Oaklawn Hospital located in Marshall, MI, has begun informing 26,861 patients regarding a potential compromise of their personal and medical data.
It is not clear when the hospital detected the breach, however, the forensic investigation showed that on July 28, 2020, unauthorized third parties accessed certain employees’ email accounts from April 14 to April 15, 2020. The hackers were able to access the accounts after the employees’ response to phishing emails and gave away their login credentials. The employees noticed the breach after finding suspicious emails in a number of employee email accounts.
A thorough manual document analysis confirmed that the compromised email accounts contained protected health information (PHI). The compromised accounts contained patient names as well as birth dates, medical data, and medical insurance details. A very limited number of patients also had their driver’s license numbers, Social Security numbers, financial account details, and online login data potentially exposed. The delayed issuance of notification letters was because of the time consuming process of manual document review.
Because of the phishing attack, Oaklawn Hospital reviewed its cybersecurity solutions and took steps to enhance its technical security measures, which include using a multi-factor authentication application. Employees were also given training on security awareness.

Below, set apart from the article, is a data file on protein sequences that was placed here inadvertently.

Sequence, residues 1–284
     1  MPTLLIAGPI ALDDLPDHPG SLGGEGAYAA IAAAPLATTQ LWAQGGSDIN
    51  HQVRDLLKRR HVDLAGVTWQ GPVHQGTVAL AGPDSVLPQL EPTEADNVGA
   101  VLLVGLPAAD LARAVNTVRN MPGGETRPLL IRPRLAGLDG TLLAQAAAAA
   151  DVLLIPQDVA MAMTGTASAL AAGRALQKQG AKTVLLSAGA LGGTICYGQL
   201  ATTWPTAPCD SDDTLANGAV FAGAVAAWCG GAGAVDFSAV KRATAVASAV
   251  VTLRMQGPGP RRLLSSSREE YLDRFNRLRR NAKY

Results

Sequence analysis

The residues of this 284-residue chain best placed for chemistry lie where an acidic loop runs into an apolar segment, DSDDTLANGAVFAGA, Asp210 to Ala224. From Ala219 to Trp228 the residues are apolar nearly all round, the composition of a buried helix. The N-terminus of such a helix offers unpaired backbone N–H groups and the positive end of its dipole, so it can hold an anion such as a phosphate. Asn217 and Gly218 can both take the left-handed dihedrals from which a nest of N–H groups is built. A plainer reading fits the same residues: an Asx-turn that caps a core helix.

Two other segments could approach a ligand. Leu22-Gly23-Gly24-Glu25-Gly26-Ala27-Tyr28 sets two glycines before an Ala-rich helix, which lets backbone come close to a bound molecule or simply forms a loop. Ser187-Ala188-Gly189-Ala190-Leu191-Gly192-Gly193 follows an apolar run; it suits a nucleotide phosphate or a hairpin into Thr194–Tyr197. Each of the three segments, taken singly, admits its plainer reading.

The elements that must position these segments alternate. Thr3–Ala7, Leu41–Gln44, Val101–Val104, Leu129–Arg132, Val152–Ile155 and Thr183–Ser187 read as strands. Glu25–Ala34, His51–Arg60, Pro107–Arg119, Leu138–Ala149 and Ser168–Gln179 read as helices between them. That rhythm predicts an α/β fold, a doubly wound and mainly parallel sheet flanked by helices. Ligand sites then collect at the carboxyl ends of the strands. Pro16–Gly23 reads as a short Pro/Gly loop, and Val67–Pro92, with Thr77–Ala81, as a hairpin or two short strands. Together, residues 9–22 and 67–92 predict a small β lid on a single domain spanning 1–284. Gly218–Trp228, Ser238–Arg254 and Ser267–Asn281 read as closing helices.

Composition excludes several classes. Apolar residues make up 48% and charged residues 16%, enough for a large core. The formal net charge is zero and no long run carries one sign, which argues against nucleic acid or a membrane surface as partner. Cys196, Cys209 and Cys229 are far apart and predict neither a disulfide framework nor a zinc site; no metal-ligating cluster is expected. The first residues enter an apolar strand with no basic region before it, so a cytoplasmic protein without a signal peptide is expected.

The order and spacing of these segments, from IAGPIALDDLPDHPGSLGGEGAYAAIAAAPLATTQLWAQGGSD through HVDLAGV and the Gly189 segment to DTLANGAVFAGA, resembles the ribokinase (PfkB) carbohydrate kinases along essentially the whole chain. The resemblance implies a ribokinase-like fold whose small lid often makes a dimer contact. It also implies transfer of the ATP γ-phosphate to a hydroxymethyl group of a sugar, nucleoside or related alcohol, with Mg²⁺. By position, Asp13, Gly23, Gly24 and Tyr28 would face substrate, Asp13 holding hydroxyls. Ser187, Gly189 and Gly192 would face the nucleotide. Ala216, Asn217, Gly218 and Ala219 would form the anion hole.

All patients impacted by the data breach were instructed to keep track of their explanation of benefits statements and see if there are transactions associated with healthcare or services that they did not receive. The hospital also offered free credit monitoring services to the persons who had their Social Security numbers potentially compromised.
Although the unauthorized email account access was affirmed, there was no evidence found that indicates the access or theft of patient information by the attackers. There was also no report on any patient data misuse.
Mono County Reveals Breach of COVID-19 Statistics Database
Mono County based in California found out that an unauthorized person acquired access to its COVID-19 statistics online database from April 2 to July 24, 2020. The database contained the PHI of people who were screened for COVID-19 before July 24, 2020.
The database contained the birth date, gender, ethnicity, geographic area of residence of people in Mono County, and their COVID-19 test results. There were no names, addresses, or other identifying data contained in the database. Mono County secured the database on July 28, 2020 so that the database is not accessible anymore.
The breach report sent to the HHS’ Office for Civil Rights indicates that the database breach affected the PHI of 2,850 persons.